Interview with former corporate lawyer, Vicki Milner
Can you briefly summarise your career as a lawyer.
I started my training contract with Burges Salmon in 2017.
I sat in Real Estate, Corporate, Dispute Resolution, Banking and Competition seats before I qualified in 2019.
I went on to practice Corporate law at DAC Beachcroft for just over a year.
What are you now doing to earn a living?
I now work in legal technology at Osborne Clarke.
I spent a year in the IT team, focusing on leveraging Osborne Clarke's legal technology offering internally and supporting our lawyers in using the technology available.
I then recently moved into Osborne Clarke's Solutions team, where I create bespoke solutions for lawyers and clients to improve productivity and increase efficiency.
What made you decide to change from practising as a lawyer?
I personally needed a much better work/life balance and I found adjusting to life as a junior lawyer in a new firm during the pandemic particularly difficult.
It was not a decision I made lightly, given all the hard work and time I'd put into it to qualify, but I'm now really glad I left.
It was the right decision for me.
How did you decide on your current line of work?
I knew that lawyers did leave private practice (usually to go in-house) but I generally was not aware of many junior lawyers leaving.
At the time, juniors only tended to leave their firm at 2PQE and would usually join another private practice firm.
I spent a lot of time researching different career paths that would suit my skill set and contemplated leaving law altogether.
I have always been a bit of a technology geek and thought I could really add value to the legal technology sphere by using my experience as a practising lawyer to develop solutions that enabled lawyers to focus more on work that added value and less on process-driven work like collating signatures or putting reports together.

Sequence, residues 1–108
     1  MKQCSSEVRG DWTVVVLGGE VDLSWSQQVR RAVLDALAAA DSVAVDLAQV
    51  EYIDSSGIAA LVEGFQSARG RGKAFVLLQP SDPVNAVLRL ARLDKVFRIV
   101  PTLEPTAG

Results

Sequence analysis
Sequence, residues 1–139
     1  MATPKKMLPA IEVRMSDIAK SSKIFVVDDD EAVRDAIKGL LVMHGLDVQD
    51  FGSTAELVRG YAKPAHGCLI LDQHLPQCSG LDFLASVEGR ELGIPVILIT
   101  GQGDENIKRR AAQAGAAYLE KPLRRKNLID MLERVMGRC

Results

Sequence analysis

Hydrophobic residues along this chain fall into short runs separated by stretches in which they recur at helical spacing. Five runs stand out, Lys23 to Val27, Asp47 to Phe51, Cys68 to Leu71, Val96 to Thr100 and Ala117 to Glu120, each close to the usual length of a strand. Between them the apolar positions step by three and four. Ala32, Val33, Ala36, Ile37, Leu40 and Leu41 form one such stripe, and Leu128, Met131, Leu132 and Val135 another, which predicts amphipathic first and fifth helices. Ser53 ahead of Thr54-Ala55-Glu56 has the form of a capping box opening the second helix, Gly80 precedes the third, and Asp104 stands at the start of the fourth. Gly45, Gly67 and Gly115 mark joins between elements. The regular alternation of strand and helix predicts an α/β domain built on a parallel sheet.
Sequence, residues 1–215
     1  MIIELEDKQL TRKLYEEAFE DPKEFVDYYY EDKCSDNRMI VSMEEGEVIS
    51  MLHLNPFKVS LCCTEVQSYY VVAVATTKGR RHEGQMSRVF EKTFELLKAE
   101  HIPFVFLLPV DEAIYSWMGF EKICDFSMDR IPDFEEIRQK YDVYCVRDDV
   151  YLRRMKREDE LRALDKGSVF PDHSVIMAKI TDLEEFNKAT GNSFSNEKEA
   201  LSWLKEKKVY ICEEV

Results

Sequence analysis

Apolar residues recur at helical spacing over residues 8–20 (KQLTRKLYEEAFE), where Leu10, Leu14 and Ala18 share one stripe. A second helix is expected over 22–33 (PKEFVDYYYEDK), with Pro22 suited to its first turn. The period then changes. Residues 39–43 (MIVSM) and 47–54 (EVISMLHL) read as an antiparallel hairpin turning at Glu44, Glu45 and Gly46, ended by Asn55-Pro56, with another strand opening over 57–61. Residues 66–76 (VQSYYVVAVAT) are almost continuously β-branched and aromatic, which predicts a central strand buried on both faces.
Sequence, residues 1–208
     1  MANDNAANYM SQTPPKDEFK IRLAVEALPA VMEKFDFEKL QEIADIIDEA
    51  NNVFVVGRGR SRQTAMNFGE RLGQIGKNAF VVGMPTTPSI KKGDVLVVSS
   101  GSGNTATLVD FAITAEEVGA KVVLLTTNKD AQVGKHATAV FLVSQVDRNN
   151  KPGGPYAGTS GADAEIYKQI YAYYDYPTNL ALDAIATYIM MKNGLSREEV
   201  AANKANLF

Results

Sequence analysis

I'm really pleased to say that I love my career and I find it really challenging and rewarding.
An influential factor in my decision to work in legal technology was that it is a rapidly growing area as law firms realise they need to become more efficient to keep up with client demands.
It is evolving quickly which makes it a really exciting time to be working in the field.
What was the most difficult part of your career change?
I really enjoyed the work I was doing as a solicitor and I loved that there was so much to learn.
I liked the variety and felt very proud to be doing high-quality work.
I liked that it was challenging and I really admired the senior lawyers in my team.
I wanted to be like them.
Ultimately, though, it wasn't for me and accepting that was really hard.
It did feel like I'd failed for a while.
However, I eventually realised I could still have a successful career even if I wasn't on the partnership track.
I changed the way I saw myself.
How has your life changed now that you’ve changed career?
I am much happier and more content within myself.
I have a lot more confidence and feel more satisfied in the work I'm doing.
I also have a life outside of work; I have hobbies now!
In terms of work, I'd say there is less pressure overall but my role is intellectually stimulating; it challenges me to think creatively and I still spend a lot of time problem-solving.
I take pride in my work and I am very proud to work for Osborne Clarke Solutions.
The skillset I needed as a solicitor overlaps quite a lot with my role now – skills such as project management, managing stakeholders, being organised and able to prioritise with tight deadlines and analytical thinking are all important.
Our team is a mix of ex-lawyers, paralegals, project managers and legal technologists and I've also had to develop other skills, such as commerciality (in terms of understanding what's best for the business and translating tech speak), influencing and persuading different parts of the business and understanding how certain decisions are made and what impact they'll have on the business (e.g. introducing a new piece of software) to name a few.
What do you miss and what don't you miss about being a lawyer?
I miss the work and I miss the people I worked with.
Sometimes I miss the fast-paced nature of law – change is incremental as it is much more about slowly changing peoples' behaviours so that the business is more efficient.
I used to get a lot of satisfaction from completing deals and moving on to the next one but there are definitely upsides to a slightly slower pace of life.
I don't miss the stress particularly and I'm pleased to say that I no longer wake up at 3am frantically opening my laptop to check whether I sent an email.
What advice would you give to any lawyers who are contemplating a career change?
Go for it!
It’s different to practising as a solicitor but it’s been a brilliant change for me.
There will never be a 'right time' to make the change but if you feel like it isn’t quite right then it's worth a try.
Life is too short to stay in a job that isn't making you happy.